HomeBusiness DigestZim’s ballooning trade deficit a ticking time bomb

Mliswa not yet a Meikles director

There are several problems associated with Zimbabwe’s seriously negative balance of trade (BOT). The first is the sheer size of the deficit in that it represents the largest share of the overall balance of payments (BOP).

Last year, the trade deficit was a massive US$3 billion. In the first three months of 2012, Finance minister Tendai Biti said we exported US$900 million worth of goods and services whilst imports have gobbled US$1,8 billion. This suggests US$900 million worth of “official” imports have been funded from other sources. Projecting the trend so far to year-end easily gives us a trade deficit of US$5 billion this year.

Clearly, we should not be worried about just the sheer magnitude of the trade gap, but also need to be informed about the more serious issues. For instance, are we sure how the trade deficit is being financed? And what are the economic implications of such funding?

As a country, we also need to worry about what is being imported. Are we allocating the scarce foreign currency efficiently? If our policy makers start looking at some of these questions, an ominous picture will quickly unfold.

Biti innocently suggested last week that the local banking sector is funding the BOT and this simple assertion does ring true. The banks are indeed mobilising foreign lines of credit and most of this money is funding imports of one thing or another.

 

Recently, Sakunda Energy got US$23 million from the PTA Bank to fund imports of petroleum products. CBZ similarly obtained US$60 million to support the SME sector; and we all know what the major business activity of our SME sector is? You guessed right!, it is commodity broking, ie, importing goods in small quantities that the big guys can’t be bothered to import themselves. And, of course, quite a chunk of this goes to importing motor cars.

If this is true, then we are all watching a national crisis unfold. Why? Zimbabwe has become a net importer across virtually all economic sectors. With the exception of the mining sector, which remains the country’s net foreign currency earner, all others including agriculture are net importers at the moment. Mining is a particularly interesting in the sense that heavy investment into capacity is required today to generate exports in future, and the machinery and equipment is all imported; consumables such as fuel, explosives, oils and energy are also imported.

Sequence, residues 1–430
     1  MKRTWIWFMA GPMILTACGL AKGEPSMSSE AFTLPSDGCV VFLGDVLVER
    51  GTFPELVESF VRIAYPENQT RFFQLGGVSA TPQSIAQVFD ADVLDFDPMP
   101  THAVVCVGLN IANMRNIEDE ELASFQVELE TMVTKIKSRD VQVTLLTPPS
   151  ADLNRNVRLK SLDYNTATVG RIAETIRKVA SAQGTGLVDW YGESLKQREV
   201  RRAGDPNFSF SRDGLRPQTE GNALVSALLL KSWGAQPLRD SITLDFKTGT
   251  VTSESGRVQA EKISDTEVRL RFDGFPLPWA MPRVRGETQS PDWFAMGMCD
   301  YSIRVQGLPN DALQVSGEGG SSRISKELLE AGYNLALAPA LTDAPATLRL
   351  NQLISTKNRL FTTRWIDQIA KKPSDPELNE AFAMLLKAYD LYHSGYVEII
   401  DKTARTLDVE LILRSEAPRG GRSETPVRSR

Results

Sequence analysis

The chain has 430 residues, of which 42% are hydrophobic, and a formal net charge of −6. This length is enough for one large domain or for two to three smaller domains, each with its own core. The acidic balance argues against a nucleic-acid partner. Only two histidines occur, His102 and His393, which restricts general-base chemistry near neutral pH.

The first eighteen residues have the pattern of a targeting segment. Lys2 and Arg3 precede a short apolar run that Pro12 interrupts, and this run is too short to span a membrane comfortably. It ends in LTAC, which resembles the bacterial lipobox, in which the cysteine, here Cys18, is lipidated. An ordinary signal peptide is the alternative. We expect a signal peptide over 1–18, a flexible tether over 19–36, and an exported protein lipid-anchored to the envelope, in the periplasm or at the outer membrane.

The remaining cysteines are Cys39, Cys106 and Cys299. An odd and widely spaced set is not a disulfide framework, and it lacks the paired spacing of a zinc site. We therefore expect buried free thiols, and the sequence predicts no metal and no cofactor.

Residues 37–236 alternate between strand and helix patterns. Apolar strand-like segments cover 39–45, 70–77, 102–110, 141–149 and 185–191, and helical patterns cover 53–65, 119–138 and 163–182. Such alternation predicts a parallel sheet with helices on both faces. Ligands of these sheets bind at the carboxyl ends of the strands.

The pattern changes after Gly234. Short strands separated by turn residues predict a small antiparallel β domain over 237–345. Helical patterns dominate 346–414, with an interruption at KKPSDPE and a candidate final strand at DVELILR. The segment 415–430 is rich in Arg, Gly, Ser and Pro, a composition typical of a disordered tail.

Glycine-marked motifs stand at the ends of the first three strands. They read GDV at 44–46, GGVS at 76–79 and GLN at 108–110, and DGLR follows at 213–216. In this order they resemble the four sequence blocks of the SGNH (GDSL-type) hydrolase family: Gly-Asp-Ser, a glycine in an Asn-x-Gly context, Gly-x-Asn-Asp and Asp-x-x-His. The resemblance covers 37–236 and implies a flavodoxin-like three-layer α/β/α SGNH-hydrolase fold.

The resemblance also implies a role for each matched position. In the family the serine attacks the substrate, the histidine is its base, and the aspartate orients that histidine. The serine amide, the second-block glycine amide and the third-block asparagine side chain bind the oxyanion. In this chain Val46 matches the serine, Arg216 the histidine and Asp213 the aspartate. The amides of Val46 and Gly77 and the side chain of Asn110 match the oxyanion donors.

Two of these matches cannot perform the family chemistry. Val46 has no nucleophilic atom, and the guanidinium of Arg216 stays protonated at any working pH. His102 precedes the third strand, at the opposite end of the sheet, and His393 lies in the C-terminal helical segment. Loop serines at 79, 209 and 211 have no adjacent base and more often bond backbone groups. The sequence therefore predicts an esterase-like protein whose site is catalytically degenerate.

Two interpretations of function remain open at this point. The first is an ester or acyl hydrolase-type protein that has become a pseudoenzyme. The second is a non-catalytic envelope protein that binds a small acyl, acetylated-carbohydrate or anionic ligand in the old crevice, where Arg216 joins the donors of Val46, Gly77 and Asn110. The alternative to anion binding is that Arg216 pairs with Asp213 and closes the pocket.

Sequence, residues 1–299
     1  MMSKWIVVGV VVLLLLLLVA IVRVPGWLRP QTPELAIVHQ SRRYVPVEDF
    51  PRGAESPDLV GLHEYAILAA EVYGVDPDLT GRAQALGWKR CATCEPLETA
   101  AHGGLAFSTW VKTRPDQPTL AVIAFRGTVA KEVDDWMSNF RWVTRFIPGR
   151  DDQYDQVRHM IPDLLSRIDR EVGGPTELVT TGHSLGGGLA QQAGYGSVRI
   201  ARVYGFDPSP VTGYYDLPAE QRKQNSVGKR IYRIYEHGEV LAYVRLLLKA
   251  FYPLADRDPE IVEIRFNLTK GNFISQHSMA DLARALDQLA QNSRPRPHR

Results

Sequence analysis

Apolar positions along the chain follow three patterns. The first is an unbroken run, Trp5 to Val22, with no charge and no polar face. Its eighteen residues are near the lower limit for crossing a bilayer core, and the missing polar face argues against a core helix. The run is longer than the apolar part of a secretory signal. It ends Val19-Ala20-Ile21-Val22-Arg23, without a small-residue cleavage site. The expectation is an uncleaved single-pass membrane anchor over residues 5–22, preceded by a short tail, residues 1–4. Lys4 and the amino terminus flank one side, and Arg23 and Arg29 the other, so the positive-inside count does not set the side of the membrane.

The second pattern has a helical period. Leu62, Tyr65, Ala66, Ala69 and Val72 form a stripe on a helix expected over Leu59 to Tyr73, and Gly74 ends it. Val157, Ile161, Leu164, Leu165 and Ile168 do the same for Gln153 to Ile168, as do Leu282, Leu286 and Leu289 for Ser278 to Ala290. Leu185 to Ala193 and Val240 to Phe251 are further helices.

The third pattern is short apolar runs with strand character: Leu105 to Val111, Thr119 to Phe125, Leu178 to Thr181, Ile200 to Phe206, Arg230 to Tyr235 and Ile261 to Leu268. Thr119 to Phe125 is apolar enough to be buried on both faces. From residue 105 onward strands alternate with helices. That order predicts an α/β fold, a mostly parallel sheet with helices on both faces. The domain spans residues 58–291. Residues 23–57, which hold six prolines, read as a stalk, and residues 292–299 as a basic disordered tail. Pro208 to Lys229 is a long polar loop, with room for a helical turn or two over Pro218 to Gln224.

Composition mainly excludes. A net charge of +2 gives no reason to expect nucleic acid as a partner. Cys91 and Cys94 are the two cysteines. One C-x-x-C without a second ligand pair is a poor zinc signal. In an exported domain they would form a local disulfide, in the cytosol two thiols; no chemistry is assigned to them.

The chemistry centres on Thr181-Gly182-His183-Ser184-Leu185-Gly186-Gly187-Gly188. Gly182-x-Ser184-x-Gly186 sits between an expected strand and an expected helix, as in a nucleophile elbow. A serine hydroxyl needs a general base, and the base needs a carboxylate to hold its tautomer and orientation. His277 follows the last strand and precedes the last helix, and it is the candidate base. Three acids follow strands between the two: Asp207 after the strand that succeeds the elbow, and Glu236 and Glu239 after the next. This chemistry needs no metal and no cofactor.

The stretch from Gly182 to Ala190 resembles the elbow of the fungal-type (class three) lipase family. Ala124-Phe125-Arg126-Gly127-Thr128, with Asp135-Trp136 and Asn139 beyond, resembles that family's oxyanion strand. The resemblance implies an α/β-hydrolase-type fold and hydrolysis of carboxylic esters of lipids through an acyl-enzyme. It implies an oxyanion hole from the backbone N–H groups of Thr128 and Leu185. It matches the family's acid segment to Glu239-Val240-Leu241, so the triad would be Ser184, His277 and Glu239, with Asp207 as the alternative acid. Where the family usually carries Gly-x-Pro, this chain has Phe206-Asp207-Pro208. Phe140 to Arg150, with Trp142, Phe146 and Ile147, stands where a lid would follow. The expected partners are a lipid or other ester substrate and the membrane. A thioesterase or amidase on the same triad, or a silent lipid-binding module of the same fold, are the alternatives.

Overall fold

However, the mining sector has also been accused of importing banking services, shipping out all export revenues to offshore accounts and only localising the little they need to pay local taxes and other expenses. Agriculture is a net importer when one tries to balance agricultural exports against the fertiliser and agro-chemical imports.  It’s a gloomy picture if we add food and power imports to the agriculture equation.

How are our imports being funded? Is it transfer payments from the diaspora and “other offshore sources” of funds. Therein lies a real possibility for the country’s import sector to be exposed to money laundering syndicates. Should the authorities not request importers to declare their source of funding? Should we not at least attempt to curb unnecessary imports?

One shudders to think how much of the US$2,5 billion in the banking sector loans are funding consumptive imports.

 

Clive Mphambela

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